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Indigenous HEV infection in the UK: a hazard for blood donation?. Samreen Ijaz Virus Reference Department Health Protection Agency. Female. 50-59 yrs. Genotype 3 UK strains. >60 yrs. Male. Genotype 1& 2 Endemic strains. GENDER. AGE. MOLECULAR ANALYSIS.

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samreen ijaz virus reference department health protection agency

Indigenous HEV infection in the UK: a hazard for blood donation?

Samreen Ijaz

Virus Reference Department

Health Protection Agency

hev infections in england and wales 2005 study

Female

50-59 yrs

Genotype 3

UK strains

>60 yrs

Male

Genotype 1& 2

Endemic

strains

GENDER

AGE

MOLECULAR ANALYSIS

HEV Infections in England and Wales (2005 study)

HEV seropositive samples with no travel history identified from 1996-2003 at CPHL

hev seroprevalence in england year 1991

40%

1991

35%

30%

25%

Prevalence

20%

15%

10%

5%

0%

1-9

10-19

20-29

30-39

40-49

50-59

60-69

70-79

Age group (years)

HEV seroprevalence in England(year 1991)
hev prevalence by age group 1991 vs 2004

40%

1991

2004

35%

30%

25%

Prevalence

20%

15%

10%

5%

0%

1-9

10-19

20-29

30-39

40-49

50-59

60-69

70-79

Age group (years)

HEV prevalence by age-group1991 vs 2004

Temporal shift

seroprevalence rates vs clinical disease
Seroprevalence rates vs clinical disease
  • 13% seroprevalence high compared to the low rate of clinically evident disease
  • Incidence estimates between 1991 and 2004 indicate that ~62 000 cases of HEV occurred per year
  • Mathematical modelling suggests that incidence does not vary with age group
      • Shared risk factors common to all age groups
indigenous hev in england and wales
Indigenous HEV in England and Wales
  • Routes of transmission in the non-travellers could not be ascertained from this study
  • Specific risk factors for acquiring indigenous HEV infections currently remains undefined
  • The detection of HEV Abs and RNA in swine and subsequently in several other animals has led to suggestions of a potential zoonosis with animals acting as reservoirs for HEV infection in humans
      • 85% of UK pigs are anti-HEV pos.
  • Recommended that indigenous HEV be considered a level 2 zoonosis (potential zoonosis), thus requiring enhanced surveillance in the UK
parenteral transmission of hev
Parenteral transmission of HEV?
  • Higher HEV Ab levels reported in:
    • paid blood donors positive for other blood borne viruses
    • repeatedly transfused haemodialysis patients
  • Subsequent reports of transfusion transmitted HEV from France, Japan and Saudi Arabia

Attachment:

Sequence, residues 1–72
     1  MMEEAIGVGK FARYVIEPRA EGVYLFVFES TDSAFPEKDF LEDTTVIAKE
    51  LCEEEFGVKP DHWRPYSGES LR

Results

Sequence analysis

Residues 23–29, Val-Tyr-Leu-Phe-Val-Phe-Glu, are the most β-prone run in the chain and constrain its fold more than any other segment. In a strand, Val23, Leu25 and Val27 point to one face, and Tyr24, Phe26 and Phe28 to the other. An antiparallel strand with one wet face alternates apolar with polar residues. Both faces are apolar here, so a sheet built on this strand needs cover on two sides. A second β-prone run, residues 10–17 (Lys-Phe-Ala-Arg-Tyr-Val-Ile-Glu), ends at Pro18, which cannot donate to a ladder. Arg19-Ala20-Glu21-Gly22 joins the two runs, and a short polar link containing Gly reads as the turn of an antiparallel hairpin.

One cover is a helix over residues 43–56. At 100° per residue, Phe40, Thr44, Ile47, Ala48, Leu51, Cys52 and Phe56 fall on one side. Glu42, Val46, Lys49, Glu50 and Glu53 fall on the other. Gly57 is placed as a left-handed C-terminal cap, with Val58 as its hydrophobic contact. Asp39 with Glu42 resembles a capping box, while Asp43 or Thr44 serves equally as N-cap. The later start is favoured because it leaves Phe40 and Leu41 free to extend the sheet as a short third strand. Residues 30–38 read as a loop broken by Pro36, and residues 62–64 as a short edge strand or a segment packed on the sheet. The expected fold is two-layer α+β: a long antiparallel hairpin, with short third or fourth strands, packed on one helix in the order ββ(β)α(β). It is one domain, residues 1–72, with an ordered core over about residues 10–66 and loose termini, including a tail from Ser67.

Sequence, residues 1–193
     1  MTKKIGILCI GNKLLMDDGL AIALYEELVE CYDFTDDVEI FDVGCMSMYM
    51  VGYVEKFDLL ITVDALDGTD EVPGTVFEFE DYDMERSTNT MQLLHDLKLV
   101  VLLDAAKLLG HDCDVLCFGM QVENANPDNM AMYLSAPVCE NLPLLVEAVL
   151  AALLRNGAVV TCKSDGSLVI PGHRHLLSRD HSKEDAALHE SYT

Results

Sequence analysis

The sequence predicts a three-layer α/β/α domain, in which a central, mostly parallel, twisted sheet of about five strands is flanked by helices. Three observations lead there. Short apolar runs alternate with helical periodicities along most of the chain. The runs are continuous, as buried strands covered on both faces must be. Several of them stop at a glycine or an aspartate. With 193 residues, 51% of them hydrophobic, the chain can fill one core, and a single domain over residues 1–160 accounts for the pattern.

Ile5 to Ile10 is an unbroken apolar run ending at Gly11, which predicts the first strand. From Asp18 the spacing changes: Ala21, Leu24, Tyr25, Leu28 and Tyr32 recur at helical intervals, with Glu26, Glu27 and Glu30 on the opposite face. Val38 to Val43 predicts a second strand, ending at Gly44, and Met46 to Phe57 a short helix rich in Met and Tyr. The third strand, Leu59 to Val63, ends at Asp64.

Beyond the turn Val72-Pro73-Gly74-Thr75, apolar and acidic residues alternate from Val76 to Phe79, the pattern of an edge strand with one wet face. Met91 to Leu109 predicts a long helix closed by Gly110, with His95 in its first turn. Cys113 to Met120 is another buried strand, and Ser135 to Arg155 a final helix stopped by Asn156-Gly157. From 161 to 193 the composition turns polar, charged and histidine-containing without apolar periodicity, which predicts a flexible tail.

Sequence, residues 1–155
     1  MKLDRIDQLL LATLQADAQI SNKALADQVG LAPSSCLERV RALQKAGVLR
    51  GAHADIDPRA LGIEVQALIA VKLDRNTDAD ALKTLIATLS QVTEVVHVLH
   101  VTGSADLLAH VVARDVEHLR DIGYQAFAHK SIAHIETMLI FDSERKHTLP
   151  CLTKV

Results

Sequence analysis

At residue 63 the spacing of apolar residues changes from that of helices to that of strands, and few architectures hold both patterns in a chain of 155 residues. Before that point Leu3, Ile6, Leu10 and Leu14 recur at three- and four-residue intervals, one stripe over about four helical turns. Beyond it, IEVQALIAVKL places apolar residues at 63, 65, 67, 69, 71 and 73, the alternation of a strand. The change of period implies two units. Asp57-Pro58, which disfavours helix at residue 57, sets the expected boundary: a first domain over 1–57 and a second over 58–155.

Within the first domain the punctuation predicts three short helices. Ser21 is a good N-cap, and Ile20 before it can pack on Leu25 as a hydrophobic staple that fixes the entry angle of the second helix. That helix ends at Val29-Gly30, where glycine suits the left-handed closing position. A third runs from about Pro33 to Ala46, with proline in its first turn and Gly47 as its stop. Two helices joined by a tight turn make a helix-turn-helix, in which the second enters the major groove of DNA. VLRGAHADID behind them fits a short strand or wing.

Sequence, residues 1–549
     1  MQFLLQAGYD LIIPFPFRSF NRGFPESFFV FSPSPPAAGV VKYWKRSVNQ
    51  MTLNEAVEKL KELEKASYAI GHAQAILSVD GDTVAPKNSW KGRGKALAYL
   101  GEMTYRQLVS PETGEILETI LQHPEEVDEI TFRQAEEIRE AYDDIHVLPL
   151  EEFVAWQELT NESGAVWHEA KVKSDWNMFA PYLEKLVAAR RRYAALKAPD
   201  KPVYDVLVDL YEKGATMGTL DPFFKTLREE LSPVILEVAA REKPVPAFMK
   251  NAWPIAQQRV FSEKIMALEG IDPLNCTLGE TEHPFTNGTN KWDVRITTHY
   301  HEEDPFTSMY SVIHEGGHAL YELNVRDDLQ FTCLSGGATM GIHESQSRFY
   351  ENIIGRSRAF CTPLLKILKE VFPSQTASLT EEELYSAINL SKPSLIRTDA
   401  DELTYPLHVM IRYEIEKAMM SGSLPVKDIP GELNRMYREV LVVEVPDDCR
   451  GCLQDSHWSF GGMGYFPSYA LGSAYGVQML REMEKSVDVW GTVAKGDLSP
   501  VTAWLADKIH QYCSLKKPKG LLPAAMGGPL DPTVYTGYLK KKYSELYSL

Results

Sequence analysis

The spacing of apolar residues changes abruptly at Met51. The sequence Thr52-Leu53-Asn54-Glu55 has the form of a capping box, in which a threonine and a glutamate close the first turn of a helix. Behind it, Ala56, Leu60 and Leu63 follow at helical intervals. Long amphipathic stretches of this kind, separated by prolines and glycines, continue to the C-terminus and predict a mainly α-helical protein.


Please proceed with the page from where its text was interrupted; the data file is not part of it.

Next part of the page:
• Studies from Japan have demonstrated that a small but significant proportion of their blood donors were viraemic and potentially able to cause transfusion-associated HEV
    • in the absence of elevated ALT and signs or symptoms of hepatitis
  • When characterised, the strains involved in the cases from Japan were shown to be indigenous viruses
post transfusion hepatitis in the uk
Post transfusion hepatitis in the UK
  • UK blood donor:
    • 14 days after his donation he became ill with a ‘flu-like’ illness
    • 10 days later he became jaundiced
  • Blood donor reported illness to the blood service but components of his donation had already been used
  • Testing for viral markers
    • HAV, HBV, HCV, CMV and EBV negative
    • HEV IgM and IgG positive
    • HEV RNA positive – genotype 3
post transfusion hepatitis in the uk1
Post transfusion hepatitis in the UK

Blood Donation

platelets

red cells

Pool from 4 donors which

is resuspended using plasma

from one of the donors

(not the HEV pos donor)

Would contain 20-30mls

of the donor’s plasma

Patient 2

Patient 1

INFECTED

UNINFECTED

  • HEV infection in the recipient related to dose?
post transfusion hepatitis
Post-transfusion hepatitis
  • Post transfusion hepatitis in the UK is now a relatively rare event with enhanced surveillance through the Serious Hazards of Transfusion (SHOT) reporting system
  • Approximately 62 000 cases occur each year
  • Suggests that there are a significant number of subclinical HEV infection
  • Current screening policy in the UK does not include HEV testing
  • Should we worry?
initial studies to look at uk blood donors
Initial studies to look at UK blood donors
  • HEV IgG testing on:
    • 262 samples from ‘ordinary’ blood donors
    • 339 samples from donors with a history of jaundice (all anti-HBc negative)

25

20

15

%

10

5

0

17 - 29

30 - 39

40 - 49

50 - 59

> 60

Age (yrs)

hev seroprevalence in uk blood donors
HEV seroprevalence in UK blood donors
  • HEV seroprevalence trend similar in blood donors to general population
  • Similar seroprevalence rates between ordinary and jaundice history donors
    • HEV unlikely to be responsible for donors reporting history of jaundice
    • History of jaundice not accurate screening method for excluding at risk donors
  • Further HEV IgM & RNA testing carried out on all donors
    • 4 HEV IgM pos
    • 0 HEV RNA pos

EVIDENCE OF RECENT HEV INFECTION IN DONOR POPULATION

further work
Further work
  • Evidence of seroconversion in the blood donor panel
  • Evidence of HEV RNA in minipools
  • Concern of post transfusion hepatitis in transplant recipients and the immunosuppressed
acknowledgements
Acknowledgements
  • Richard Tedder
  • Mathew Beale
  • Kate Tettmar
  • Roger Eglin
  • NHS Blood and Transplant